Nichole Mason, left, with Chris Corning of Silverthorne after a competition. Mason has started her own coaching program, called One Team, which she hopes to develop and expand in the years to come.
Nichole Mason / Courtesy Photo

Mason went on to become a coach with US Ski & Snowboard and was nominated for Development and National Coach of the Year in 2017. In 2020, she was the first woman to win the International Coach of the Year award. in addition to being named overall coach of the year.

Despite a successful year as a coach, Mason felt his heart pulled towards something else during the 2020 pandemic.

“During my quarantine a few doors kind of opened, and I ended up taking that leap of faith,” Mason said. “I ended up quitting an extremely secure job amid the pandemic. “

Mason, now 32, started her own training program, One Team, based in Summit County to give back to the community that cared so much about her as a young snowboarder.

“The main reason I coach is to give back to help these athletes reach their goals and be successful because I had that person in my life, and that was special,” said Mason. “I get my happiness seeing other people succeed and knowing that we have made it together.”

Mason’s training program takes a holistic approach in hopes of developing young snowboarders. A team focuses on all aspects of an athlete, from the athlete’s body to their mind.

Mason has a full time tumbling trainer and sports psychologist to teach his athletes how to do aerial jumps without equipment and to help them overcome any mental challenges they may face.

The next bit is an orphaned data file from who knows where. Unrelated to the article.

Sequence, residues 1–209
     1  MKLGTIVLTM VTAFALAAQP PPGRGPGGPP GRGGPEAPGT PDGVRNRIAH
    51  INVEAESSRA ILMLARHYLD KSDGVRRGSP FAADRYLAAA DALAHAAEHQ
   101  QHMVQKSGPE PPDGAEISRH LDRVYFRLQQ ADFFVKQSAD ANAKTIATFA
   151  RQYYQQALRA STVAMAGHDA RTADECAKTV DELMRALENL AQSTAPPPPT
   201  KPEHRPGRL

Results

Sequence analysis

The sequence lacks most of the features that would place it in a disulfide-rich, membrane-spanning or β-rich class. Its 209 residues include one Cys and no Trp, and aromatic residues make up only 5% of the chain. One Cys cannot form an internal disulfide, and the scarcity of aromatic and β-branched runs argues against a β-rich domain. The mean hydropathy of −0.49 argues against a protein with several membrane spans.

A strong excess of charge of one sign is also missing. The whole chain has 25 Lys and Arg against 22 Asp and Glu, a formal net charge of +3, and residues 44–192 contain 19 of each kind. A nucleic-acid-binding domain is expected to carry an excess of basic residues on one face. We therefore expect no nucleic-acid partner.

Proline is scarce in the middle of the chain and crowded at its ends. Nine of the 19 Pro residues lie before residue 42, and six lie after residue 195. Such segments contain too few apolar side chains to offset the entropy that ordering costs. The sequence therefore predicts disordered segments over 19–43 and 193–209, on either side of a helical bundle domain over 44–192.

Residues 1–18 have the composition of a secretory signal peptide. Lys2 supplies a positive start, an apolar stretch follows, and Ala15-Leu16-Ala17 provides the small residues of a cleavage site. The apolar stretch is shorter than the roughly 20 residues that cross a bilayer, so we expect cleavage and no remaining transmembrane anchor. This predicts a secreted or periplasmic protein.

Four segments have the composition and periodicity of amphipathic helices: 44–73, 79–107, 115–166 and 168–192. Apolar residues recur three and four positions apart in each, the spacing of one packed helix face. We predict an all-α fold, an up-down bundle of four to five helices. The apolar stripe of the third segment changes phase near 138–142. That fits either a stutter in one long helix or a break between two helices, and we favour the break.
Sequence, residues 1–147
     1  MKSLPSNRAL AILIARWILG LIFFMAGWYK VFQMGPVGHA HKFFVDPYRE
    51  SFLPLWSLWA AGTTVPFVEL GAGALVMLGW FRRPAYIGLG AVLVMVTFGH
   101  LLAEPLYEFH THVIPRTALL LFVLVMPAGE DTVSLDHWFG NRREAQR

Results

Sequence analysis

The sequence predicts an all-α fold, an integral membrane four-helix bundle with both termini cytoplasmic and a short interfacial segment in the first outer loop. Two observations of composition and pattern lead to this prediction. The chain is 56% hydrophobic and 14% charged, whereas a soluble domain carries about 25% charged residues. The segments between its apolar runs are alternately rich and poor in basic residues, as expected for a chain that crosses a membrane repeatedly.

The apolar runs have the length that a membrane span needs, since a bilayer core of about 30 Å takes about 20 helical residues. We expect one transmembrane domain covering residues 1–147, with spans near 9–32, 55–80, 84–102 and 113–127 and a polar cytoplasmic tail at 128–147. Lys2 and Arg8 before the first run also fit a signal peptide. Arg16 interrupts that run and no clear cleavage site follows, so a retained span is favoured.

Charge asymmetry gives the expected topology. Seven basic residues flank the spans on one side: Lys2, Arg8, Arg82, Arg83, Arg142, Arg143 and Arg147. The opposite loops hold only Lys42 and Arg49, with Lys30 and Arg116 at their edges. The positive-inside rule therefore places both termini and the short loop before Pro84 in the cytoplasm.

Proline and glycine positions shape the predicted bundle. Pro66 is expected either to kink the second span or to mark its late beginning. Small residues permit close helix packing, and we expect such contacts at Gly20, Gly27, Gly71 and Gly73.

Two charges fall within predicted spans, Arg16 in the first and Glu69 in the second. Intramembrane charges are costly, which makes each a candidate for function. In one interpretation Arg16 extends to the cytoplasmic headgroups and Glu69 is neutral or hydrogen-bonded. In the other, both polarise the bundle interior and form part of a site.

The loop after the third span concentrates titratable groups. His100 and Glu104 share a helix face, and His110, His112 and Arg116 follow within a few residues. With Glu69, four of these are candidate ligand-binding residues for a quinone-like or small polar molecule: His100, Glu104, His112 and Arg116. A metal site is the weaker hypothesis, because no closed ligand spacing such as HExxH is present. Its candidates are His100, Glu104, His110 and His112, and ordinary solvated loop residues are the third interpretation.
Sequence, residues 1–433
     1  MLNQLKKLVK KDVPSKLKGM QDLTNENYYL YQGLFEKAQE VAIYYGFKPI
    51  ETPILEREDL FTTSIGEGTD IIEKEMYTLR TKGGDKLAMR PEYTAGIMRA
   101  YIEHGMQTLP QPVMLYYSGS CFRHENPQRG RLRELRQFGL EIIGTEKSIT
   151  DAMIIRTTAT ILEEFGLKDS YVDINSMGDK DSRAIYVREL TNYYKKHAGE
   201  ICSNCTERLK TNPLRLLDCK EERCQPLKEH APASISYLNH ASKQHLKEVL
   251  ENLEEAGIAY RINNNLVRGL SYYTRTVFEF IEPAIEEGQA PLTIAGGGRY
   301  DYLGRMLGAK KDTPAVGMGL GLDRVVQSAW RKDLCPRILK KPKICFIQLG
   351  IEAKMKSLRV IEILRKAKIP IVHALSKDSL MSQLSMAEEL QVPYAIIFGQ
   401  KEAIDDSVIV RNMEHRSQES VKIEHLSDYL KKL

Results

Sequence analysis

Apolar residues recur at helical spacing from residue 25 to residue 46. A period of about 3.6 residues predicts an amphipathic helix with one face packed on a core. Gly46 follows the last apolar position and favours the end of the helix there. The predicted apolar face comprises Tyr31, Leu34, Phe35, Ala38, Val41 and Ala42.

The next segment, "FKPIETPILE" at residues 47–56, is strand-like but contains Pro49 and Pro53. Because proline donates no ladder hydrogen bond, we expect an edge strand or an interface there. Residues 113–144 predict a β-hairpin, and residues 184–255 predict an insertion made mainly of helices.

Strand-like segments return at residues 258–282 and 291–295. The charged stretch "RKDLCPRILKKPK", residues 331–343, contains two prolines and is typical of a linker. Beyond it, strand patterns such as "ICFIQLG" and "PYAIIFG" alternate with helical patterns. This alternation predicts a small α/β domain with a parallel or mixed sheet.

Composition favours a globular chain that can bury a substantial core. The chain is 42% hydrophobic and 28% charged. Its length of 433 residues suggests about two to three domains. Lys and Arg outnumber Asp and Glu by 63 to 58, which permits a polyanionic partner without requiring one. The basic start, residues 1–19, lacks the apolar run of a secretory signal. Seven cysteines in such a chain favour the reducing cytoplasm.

“I think that’s a pretty important missing piece to the puzzle. There are so many coaches who just focus on the snow, ”Mason said. “I have seen a lot of riders excel who have a background in gymnastics or trampoline.”

In the team’s second season, Mason is already seeing success coaching four full-time and two part-time athletes in the disciplines of slopestyle, big air and snowboard cross with a few of his athletes in competition at World Cup level.

One of its athletes, 16-year-old Fynn Bullock-Womble and a member of the US slopestyle snowboard rookie team, is currently trying to qualify for the 2022 US Olympic team.

Bullock-Womble, originally from North Carolina, spends his winters at Copper Mountain to train with Mason.

“She’s always super positive and is there for me on and on the snow,” Bullock-Womble said of Mason. “She helped me improve my snowboard and helped me put things on the line in big contests, which led to some great finishes. “

In Mason’s eyes, One Team is still in its infancy, and she has big dreams about where the training program could develop over the next few years, both in terms of athletes and coaches. The program also has a partnership with Adaptive Action Sports.

“We’re going to continue to really want to have this team as a family,” Mason said. “Really focusing on giving back to the community, increasing our numbers and allowing this adaptive partnership to really flourish so that you can see the benefits and excitement of able-bodied runners and adapted runners training them. with each other. “

Those interested in learning more about the program can visit